This issue of ChildLinks look at how trauma can impact on children’s daily life and their ability to function and interact with others.
Children who are exposed to traumatic events may experience a wide range of consequences that can include intense and
ongoing emotional distress and behavioural problems, difficulties with attention, academic failure, problems with sleep or illness.
Interventions where young children and their families learn about the impact of trauma and what they can do about it can support
children to develop the skills they need to be resilient no matter what adversity comes their way. These skills can truly change the trajectory of the life of the child and the family. The first article in this issue looks at the work of the leading federal initiative focused on child trauma in the US, the National Child Traumatic Stress Network (NCTSN). The NCTSN aims to raise the standard of care and improve access to services for traumatised children, their families and communities by raising public awareness of the
scope and serious impact of child traumatic stress on the safety and healthy development of children; advancing a range trauma-informed, developmentally and culturally appropriate programmes that improve the standard of care; working with established systems of care to ensure that there is a comprehensive trauma-informed continuum of accessible care; and fostering a community dedicated to collaboration within and beyond the NCTSN to ensure that widely shared knowledge and skills become a sustainable national resource.The articles that follow look at how traumatic events like bereavement, domestic abuse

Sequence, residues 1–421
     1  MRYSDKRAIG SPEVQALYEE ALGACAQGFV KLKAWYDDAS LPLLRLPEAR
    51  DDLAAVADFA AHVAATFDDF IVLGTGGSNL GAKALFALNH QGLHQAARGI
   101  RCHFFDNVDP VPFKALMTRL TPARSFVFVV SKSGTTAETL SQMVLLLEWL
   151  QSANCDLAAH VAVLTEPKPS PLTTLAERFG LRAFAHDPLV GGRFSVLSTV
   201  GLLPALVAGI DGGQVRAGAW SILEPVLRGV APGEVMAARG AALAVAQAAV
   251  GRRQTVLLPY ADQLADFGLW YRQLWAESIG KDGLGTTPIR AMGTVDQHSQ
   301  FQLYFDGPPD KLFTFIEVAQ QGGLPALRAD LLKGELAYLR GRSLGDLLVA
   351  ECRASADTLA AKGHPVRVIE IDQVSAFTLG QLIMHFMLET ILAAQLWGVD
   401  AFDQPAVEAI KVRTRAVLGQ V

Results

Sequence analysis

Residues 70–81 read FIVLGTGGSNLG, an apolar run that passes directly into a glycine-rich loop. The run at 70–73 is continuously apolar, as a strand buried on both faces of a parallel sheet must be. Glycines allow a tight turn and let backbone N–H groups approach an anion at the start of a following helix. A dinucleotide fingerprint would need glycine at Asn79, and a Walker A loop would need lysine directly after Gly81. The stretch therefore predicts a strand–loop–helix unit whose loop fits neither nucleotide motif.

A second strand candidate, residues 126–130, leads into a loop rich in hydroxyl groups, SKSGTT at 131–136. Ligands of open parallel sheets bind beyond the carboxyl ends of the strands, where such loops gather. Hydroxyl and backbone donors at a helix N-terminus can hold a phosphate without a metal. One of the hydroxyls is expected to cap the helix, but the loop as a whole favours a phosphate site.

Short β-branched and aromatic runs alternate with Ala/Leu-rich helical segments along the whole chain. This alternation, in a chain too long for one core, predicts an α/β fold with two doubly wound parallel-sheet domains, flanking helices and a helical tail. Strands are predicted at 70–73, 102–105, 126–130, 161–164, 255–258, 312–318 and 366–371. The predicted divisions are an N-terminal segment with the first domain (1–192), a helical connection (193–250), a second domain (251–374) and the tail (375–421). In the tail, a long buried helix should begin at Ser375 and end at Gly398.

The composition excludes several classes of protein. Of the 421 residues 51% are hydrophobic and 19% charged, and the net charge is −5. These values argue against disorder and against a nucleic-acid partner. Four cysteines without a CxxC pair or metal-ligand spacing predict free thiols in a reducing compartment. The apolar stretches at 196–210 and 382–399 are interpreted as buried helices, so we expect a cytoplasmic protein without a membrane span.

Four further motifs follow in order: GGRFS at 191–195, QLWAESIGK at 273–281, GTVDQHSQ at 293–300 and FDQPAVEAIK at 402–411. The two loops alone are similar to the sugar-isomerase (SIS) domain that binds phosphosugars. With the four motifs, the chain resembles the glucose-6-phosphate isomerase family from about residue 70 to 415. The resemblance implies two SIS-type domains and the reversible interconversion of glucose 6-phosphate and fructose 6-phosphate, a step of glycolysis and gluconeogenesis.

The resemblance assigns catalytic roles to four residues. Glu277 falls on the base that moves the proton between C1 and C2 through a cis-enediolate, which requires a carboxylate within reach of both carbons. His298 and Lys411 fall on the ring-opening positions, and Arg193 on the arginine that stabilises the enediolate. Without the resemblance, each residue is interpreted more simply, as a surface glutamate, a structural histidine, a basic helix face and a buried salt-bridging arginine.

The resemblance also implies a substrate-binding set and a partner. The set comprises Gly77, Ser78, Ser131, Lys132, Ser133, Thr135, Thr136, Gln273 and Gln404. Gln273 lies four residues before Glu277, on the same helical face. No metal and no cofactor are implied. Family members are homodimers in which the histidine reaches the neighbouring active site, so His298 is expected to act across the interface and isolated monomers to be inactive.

and refugee status can have long term impacts for children. The first of these outlines the evaluation of the TLC Kidz Programme, a multi-agency, group programme for children and mothers recovering from domestic abuse. Next, Brid Carroll from the Irish
Childhood Bereavement Network outlines how bereavement in childhood can have long-term consequences for children and
considers how the needs of bereaved Irish children can be identified and addressed as early as possible to prevent long term trauma. The two articles that follow focus on refugee and asylum-seeking children, who are ten times more likely to experience post-traumatic stress disorder compared to their non refugee peers. Robin Balbernie, Child Psychotherapist and Clinical Director of PIP UK, then considers intergenerational trauma and the cycle of negative caregiving. Sometimes the traumatic experiences of the one generation live on to affect the generation that follows but relationship based interventions can help to break this cycle. The final article in this issue outlines the Trauma Smart® (TS) model in the US, which is designed to support very young children, and the adults who care for them, with hands on, practical tools and effective strategies to help children to learn to express their emotions in a healthy way that prepares them for social and academic success.
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